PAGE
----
Shopping just got a whole lot easier with Augmented Reality
Market research indicates that by the year 2020, there will be 100 million people using augmented reality (AR) while shopping.1 By implementing AR, retailers have made shopping a convenient process for every customer while simultaneously modernizing direct marketing. Brands are searching for unique ways to market directly to consumers, which is seen in Agency Spotter’s 2019 Marketing Trends Report with the 230% increase in searches for direct marketing.
Keep on reading to see exactly how augmented reality is taking the retail world by storm.
The Future of Catalogs
It’s well known that paper catalogs are being replaced by apps. However, as brands integrate AR capabilities into their apps many have chosen to also create a unique customer experience around it. Earlier this year, Amazon worked with Groove Jones, an AR VR experiential marketing agency located in Dallas, TX to create the ultimate pop-up AR experience. Their AR app brought both fashion and fitness to life for a private health and wellness event. The app allows users to see how Amazon’s athletic wear looks while using it.
Help! I’m Lost
Say goodbye to getting lost in retail stores! Brands are now utilizing AR to help shoppers navigate through the store and find products faster than ever before.
Lowe’s is just one of many stores taking advantage of this tool. The app allows users to create a shopping list and then provides shoppers with directions on the simplest way to gather everything on that shopping list.2
Individual retailers aren’t the only ones trying to tackle this issue. Dent Reality is offering their services to help bring indoor AR navigation to malls as well as individual retail locations. This being said, augmented reality directions are on the rise.3
Brands across all sectors are taking advantage of AR to help their customers avoid buyer’s remorse. Whether buying online or in-store, AR technology is ensuring that consumers purchase products they can actually use.
Seen in the examples below, AR is allowing brands to capitalize on connivence. By providing shoppers with a more modern and simple shopping experience, retailers are able to increase customer loyalty.
Retailers are trying to improve every aspect of shoppers experience and this extends to the hassle of trying on clothes. To combat this struggle, an increasing number of brands are integrating AR powered mirrors in their stores. These mirrors allow buyers to virtually try on apparel by simply standing in front of this smart mirror.2
In summer of 2019, Nike will also be capitalizing on AR to help consumers. Nike Fit will be available to shoppers via the Nike app and it will allow shoppers to use AR to find the right size shoe. It uses a combination of computer vision, artificial intelligence, data science, recommendation algorithms, and machine learning to let users scan and measure their feet.4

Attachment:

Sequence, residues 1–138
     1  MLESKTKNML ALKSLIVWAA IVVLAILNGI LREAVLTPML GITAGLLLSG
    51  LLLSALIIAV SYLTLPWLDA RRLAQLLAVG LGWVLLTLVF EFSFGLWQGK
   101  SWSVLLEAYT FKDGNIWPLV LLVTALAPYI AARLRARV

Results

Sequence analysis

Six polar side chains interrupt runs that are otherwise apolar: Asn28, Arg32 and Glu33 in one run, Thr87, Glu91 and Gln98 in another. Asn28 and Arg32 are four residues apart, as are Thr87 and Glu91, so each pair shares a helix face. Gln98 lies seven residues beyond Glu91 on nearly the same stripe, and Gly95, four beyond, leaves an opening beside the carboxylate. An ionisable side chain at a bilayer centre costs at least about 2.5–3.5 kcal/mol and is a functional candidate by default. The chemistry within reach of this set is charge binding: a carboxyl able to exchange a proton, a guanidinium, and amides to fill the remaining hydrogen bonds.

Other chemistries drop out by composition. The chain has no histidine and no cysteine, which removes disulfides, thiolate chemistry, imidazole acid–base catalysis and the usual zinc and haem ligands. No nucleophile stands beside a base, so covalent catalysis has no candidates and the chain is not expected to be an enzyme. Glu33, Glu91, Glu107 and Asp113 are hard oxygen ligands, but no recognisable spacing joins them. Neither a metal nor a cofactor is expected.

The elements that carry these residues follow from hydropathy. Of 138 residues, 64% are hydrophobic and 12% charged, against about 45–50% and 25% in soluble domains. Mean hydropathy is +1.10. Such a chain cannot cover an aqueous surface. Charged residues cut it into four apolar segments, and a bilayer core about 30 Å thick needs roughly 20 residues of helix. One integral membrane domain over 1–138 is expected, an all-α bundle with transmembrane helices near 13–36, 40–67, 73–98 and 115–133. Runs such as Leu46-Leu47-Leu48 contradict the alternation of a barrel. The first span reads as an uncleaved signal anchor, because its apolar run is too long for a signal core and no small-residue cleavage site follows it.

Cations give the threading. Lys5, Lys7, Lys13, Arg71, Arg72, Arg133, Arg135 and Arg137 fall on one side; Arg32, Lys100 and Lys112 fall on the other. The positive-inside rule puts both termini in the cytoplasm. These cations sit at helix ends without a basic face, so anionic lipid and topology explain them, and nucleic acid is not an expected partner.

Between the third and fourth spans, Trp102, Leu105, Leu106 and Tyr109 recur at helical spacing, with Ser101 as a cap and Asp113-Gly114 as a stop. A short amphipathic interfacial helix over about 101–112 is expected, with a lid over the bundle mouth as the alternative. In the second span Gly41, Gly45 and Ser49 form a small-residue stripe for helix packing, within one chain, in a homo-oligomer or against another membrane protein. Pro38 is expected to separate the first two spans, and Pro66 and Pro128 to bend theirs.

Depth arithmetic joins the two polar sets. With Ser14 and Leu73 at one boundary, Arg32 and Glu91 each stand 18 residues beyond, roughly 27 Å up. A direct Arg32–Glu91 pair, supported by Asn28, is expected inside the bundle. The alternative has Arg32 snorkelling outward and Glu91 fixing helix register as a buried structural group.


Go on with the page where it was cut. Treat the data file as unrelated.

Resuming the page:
Meanwhile, there’s an increasing number of beauty brands integrating AR into their business model. L’Oréal recently announced their 100% acquisition of the technology provider Modiface, a leader in the AR and AI beauty industry. Modiface technology has allowed users to virtually test beauty products without the hassle of actually trying everything on. Modiface has made AR beauty apps for Sephora, Estée Lauder, among others.5
In addition to these beauty brands offering AR features within their app, many of them are also providing shoppers with a unique in-store experience as well. In 2016, Sephora launched their Virtual Artist. This “try on” ability can be found on their app as well as at their in-store kiosks. Sephora reports that more than 200 million shades of makeup have been tried on since its initial launch.
Furniture brands are using AR enhanced apps to help customers bring a potential piece of furniture into their own home. Ikea Place is one example of this. Ikea’s app allows shoppers to determine how furniture will look and fit in their home before purchasing it.
Information at Your Fingertips
Smartphones and the ability to google any question drastically changed how many people shop. Retailers are now going one step further to ensure that customers don’t waste time roaming the store with the hopes of locating an employee. In some stores, shoppers can now scan displays and finally see everything they could possibly want to know about the product.
American Apparel is one company that has integrated this model into their in-store shopping experience. As a result, their shoppers now have the ability to see in-depth product details, such as, color options, pricing, and reviews.2
AR Shopping – Not Taking Over the World
While many retailers are incorporating AR technology into their marketing platforms, it’s important to realize that AR may not necessarily “take over” the world. Producing an AR app isn’t cheap…in fact, the development can cost anywhere from $300,000 to $30 million.6
In addition, adoption of AR and usage time aren’t yet growing as exponentially as other technologies such as the growth and usage of smartphones. But, as companies and consumers find the right fit experiences that prove more than just cool to try out, most expect this space to boom.
When It’s Worth It?
So, how does a company determine if it’s worth adding this technology? AR needs to add value to customers, meaning it needs to make life easier for shoppers. It can be an extremely powerful tool when used properly and even has the ability to enhance people’s understanding. With more visual and audible information, consumers will feel better about their purchases.7
1 Gartner | 2 Shopify | 3 Road to VR | 4 Nike | 5 Chain Store Age – The Business of Retail | 6 Harvard Business Review | 7 The Sociable |